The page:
O Books, 2011, 1-84694-514-4, pbk, 396 pp, £14.99
This really is a book about everything: the financial crisis, climate change, peak oil, ecosystem destruction, poverty, and war: and it is about solutions to everything, with the solutions organised in layers: first, principles, then the required paradigm shifts, and then the detail. For instance, in relation to climate change: the solution is ‘greening the world’; basic principles are, for instance, ‘minimise use of non-renewable resources …’; one of the paradigm shifts required is ‘from linear to cyclical production processes’; and that paradigm shift is then spelt out: ‘Creating an economy founded on solar and nature’s energy and the principle of recycling’. Perhaps the best way to describe the book is as an instruction manual for the planet.
In relation to the economy, Nixon calls for money to be created only by national reserve banks as agents of the state, and not by commercial banks; and he calls for a Citizen’s Income to be paid for by a Land Value Tax. Nixon’s two main reasons for calling for Citizen’s Income are that it would ‘reduce the need to chase economic growth for the purpose of income distribution’ and that it would ‘introduce the culture of sharing, recognising that everyone has a right to a minimum share in wealth created through the use of skills and technologies that are our common heritage’ (p.142).
Chapters follow on community democracy, food sovereignty, sustainable cities, an end to war, and (again) climate change. A final chapter is titled ‘What we need to do’, by which Nixon means both ‘What the whole of humanity needs to do’ (for instance, ‘fair taxation, land value tax and citizen’s income’ (p.205)) and ‘What you can do’ (for instance, ‘organise … massive education and awareness raising’ (p.206)).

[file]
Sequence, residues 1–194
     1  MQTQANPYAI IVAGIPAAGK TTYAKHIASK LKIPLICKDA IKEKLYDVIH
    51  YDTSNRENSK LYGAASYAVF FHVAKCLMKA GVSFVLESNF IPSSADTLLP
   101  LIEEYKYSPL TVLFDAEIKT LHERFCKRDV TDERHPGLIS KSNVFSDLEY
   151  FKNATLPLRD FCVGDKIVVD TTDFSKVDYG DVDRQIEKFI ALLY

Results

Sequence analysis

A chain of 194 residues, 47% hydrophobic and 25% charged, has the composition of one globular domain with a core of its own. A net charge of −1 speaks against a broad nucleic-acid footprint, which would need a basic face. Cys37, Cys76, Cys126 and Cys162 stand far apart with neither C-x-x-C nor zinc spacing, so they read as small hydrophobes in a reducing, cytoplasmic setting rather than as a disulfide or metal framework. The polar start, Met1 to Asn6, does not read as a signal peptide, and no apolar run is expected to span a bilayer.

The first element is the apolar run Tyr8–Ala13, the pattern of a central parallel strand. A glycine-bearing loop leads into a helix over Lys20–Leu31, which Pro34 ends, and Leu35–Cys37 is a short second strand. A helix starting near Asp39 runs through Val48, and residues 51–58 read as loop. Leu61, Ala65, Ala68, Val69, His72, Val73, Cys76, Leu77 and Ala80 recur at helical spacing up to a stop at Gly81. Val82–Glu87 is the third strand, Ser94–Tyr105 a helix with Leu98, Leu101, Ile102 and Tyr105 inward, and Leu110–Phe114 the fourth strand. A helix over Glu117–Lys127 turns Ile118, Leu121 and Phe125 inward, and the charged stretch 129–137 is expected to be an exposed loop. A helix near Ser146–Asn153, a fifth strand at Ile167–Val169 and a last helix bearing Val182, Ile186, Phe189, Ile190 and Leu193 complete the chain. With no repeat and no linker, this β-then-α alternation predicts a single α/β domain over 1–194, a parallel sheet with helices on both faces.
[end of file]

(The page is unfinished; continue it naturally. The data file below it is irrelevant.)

This book is both exhaustive and exhausting, and properly so. Some massive interconnected problems face the human race, and to bring so many of them together in a single book makes clear the size of the task and the fact that change is required at every level: global, nation state, local community, and individual. The size of the task suggests that success might be out of reach, and that we should resign ourselves to runaway climate change, resources wars, and poverty; but that is not where the book ends up. Nixon is a fan of Mahatma Gandhi: ‘Whatever you do may seem insignificant, but it is most important that you do it’ (quoted on p.209).
As the book suggests, just one element of the diverse and complex changes required of us is a Citizen’s Income. This is one element of Nixon’s massive wish-list that is achievable in the medium term and that could be implemented without requiring additional public expenditure. It could be an early win in the long process of creating a ‘better world’. Until it happens our task remains ‘education and awareness raising’ (p.206), and it is most important that we do it.